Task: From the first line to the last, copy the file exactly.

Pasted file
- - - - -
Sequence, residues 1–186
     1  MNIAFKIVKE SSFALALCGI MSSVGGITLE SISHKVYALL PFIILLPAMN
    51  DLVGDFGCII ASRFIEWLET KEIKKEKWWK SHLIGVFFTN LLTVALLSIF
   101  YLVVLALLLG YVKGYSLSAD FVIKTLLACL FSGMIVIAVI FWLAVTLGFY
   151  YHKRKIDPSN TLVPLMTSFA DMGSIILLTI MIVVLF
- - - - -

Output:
Sequence, residues 1–186
     1  MNIAFKIVKE SSFALALCGI MSSVGGITLE SISHKVYALL PFIILLPAMN
    51  DLVGDFGCII ASRFIEWLET KEIKKEKWWK SHLIGVFFTN LLTVALLSIF
   101  YLVVLALLLG YVKGYSLSAD FVIKTLLACL FSGMIVIAVI FWLAVTLGFY
   151  YHKRKIDPSN TLVPLMTSFA DMGSIILLTI MIVVLF